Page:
With a PWM controller, the basic efficiency formula is:
    • Vout / Vin = Vbatt-charging / Vmp
    And Vmp varies from >18 volts when very cold (and Voc open circuit > 22 volts) to around 15-16 volts when very hot (for "12 volt" panels).

    Some controllers are 12 volt / 24 volt battery chargers--so they use the higher voltage when charging a 24 volt battery bank (with Vmp-array~35 volts).

    You can always experiment, with batteries needing recharging (or inverter+load), put the panels on as Vmp=17.5 volts and measure charging currrent. The reconfigure to Vmp=35 volts and measure the charging current again--If the current remains the same--then it may be a MPPT controller. If the current is cut by 1/2 (with same total wattage of panels at 12 and 24 volt configuration), then it is probably a PWM.

    Nothing wrong with good PWM controllers (which the Wellsee is probably not)--If the panels are close to the battery bank, and the array is less than 400 watts or so, and Vmp is approximately 17.5/35 volts for a 12/24 volt set of battery banks--why not.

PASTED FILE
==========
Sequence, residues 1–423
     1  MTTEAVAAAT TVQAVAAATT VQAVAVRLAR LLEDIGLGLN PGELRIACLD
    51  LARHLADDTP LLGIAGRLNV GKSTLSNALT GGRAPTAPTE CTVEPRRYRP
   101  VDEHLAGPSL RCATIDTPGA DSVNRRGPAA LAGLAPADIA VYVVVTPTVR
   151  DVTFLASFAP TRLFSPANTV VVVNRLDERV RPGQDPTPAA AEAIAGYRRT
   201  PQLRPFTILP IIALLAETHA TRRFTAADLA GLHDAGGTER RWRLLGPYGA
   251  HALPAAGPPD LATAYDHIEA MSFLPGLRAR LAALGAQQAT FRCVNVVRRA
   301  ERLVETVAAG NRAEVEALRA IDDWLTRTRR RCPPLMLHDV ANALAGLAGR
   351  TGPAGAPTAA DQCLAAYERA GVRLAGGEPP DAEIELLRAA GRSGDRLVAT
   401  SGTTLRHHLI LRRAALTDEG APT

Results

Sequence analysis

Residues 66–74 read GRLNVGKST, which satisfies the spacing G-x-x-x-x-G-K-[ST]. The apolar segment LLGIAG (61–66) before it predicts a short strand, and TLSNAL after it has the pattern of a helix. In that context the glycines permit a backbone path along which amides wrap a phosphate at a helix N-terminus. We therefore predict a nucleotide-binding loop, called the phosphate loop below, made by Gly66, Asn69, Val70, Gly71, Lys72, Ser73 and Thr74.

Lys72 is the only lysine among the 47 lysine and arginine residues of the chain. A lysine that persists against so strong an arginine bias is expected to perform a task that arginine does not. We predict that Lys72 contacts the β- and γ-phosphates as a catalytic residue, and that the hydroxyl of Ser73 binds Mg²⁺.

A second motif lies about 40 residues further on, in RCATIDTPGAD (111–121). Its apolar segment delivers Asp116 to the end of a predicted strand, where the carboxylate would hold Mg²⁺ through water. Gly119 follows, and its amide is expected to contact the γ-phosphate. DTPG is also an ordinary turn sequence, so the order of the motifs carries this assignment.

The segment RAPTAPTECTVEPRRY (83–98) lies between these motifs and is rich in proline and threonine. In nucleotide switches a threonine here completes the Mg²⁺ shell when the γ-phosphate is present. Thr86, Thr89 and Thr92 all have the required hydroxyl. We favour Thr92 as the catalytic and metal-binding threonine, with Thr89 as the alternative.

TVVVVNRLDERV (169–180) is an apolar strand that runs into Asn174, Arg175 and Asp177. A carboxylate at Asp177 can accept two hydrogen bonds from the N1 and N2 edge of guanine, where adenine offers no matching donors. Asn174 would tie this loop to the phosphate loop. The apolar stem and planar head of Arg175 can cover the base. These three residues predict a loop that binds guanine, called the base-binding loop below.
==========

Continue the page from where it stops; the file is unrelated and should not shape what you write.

-Bill

    Thanks...I had a MorningStar 15 amp controller I used. Wired the panels in parallel.... I now have a light in the feed room. Coons are gonna hate this solar thing :) Possums too probably....

    But is the wiring "theory" correct for future reference?
  • BB.BB. Super Moderators, Administrators Posts: 30,177 admin
    Re: I like the price

    Yes, that series/parallel is a valid configuration for either 24 volt battery on PWM, or 12/24 volt battery bank on a MPPT controller.

    For the higher end MPPT controllers, you could even put 4x panels in series (Vmp~70 VDC) for use on MPPT controller or a 48 volt battery bank on a PWM controller.

    "It all depends" on the specific solar panel ratings, the charge controller picked, and the battery bank supported.

    MPPT controllers are certainly the most flexible--And the most expensive by far.

    -Bill
    Near San Francisco California: 3.5kWatt Grid Tied Solar power system+small backup genset